U.S. single-family home prices rose less than expected on an annual basis in May, and were down from the prior month, a survey showed on Tuesday.
The S&P CoreLogic Case-Shiller composite index of 20 metropolitan areas rose 5.2 percent in May on a year-over-year basis, retreating from the 5.4 percent climb in the prior month and short of the estimate for a 5.5 percent increase from a Reuters poll of economists.
“Overall, housing is doing quite well,” said David M. Blitzer, managing director and chairman of the index committee at S&P Dow Jones Indices.
“In addition to strong prices, sales of existing homes reached the highest monthly level since 2007 as construction of new homes showed continuing gains.”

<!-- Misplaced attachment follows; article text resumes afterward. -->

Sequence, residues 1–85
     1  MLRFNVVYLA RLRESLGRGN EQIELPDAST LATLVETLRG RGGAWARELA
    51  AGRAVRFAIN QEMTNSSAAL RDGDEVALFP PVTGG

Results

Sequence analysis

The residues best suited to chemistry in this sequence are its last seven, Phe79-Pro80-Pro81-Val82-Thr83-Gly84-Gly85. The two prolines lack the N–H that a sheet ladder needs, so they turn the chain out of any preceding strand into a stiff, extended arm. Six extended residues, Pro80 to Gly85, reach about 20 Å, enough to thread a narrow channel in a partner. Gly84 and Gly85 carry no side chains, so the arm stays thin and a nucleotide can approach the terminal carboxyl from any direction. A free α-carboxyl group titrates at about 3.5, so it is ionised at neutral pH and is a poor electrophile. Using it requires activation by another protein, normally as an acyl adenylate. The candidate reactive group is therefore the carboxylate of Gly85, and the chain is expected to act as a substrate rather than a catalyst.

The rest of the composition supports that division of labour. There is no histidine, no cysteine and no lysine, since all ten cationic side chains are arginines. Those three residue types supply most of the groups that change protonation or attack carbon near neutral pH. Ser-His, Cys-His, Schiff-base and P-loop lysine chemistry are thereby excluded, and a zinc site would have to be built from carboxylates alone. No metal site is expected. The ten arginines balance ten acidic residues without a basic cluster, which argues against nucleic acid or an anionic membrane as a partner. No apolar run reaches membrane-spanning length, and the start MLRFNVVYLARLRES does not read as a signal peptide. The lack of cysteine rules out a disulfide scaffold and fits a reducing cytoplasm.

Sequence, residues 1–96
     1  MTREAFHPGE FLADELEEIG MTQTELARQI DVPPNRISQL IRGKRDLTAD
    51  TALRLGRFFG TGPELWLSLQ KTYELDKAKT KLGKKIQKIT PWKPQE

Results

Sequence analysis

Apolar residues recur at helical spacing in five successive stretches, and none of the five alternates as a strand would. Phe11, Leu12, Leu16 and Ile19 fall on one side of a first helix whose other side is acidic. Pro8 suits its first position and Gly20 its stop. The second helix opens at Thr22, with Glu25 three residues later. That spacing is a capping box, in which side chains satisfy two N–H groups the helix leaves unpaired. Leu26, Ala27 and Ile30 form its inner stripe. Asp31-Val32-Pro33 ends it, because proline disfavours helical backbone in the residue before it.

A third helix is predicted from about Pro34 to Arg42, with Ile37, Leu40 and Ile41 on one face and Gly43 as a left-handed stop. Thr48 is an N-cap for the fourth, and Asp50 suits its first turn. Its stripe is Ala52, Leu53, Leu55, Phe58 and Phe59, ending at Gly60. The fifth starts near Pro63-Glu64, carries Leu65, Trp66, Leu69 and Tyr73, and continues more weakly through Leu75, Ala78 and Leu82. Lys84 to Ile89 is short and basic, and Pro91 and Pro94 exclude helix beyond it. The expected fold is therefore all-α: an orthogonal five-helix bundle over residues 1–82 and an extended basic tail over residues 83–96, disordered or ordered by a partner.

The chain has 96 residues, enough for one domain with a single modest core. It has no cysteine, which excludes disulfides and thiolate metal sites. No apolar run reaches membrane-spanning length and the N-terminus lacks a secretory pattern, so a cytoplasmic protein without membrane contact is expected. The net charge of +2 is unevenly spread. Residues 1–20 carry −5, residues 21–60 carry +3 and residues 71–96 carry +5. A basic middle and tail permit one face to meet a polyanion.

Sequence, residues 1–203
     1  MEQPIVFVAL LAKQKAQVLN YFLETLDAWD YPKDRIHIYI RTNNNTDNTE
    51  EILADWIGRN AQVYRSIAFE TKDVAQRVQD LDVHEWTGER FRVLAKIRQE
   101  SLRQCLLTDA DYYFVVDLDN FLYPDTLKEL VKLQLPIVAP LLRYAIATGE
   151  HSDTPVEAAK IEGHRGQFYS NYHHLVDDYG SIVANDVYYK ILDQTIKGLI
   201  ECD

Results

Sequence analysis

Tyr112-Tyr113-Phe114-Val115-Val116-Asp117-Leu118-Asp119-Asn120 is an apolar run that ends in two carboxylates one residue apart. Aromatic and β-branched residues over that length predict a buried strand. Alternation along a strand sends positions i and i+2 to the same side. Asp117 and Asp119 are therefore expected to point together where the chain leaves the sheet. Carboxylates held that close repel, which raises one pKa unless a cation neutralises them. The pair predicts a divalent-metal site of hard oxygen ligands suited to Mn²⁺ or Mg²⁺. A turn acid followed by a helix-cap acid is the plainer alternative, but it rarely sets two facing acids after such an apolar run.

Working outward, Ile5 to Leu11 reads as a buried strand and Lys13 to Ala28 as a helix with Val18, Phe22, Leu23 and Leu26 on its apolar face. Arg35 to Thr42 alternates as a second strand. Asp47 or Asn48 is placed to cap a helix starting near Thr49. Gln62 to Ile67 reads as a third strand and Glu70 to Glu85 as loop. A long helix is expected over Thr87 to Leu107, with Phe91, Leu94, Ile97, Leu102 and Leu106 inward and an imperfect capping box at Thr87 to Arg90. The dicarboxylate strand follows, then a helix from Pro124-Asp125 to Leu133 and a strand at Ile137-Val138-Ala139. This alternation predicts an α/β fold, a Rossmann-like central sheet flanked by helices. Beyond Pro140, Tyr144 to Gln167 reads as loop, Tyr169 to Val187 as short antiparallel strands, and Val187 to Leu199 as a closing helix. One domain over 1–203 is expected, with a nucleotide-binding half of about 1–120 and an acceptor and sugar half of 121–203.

Prices in the 20 cities fell 0.1 percent in May from April on a seasonally adjusted basis, the survey showed, matching expectations for a decline of 0.1 percent.
On a non-seasonally adjusted basis, prices increased 0.9 percent from April.
Home prices in three U.S. cities – Denver, Seattle and Portland, Oregon – showed the highest year-over-year gains, the survey showed.
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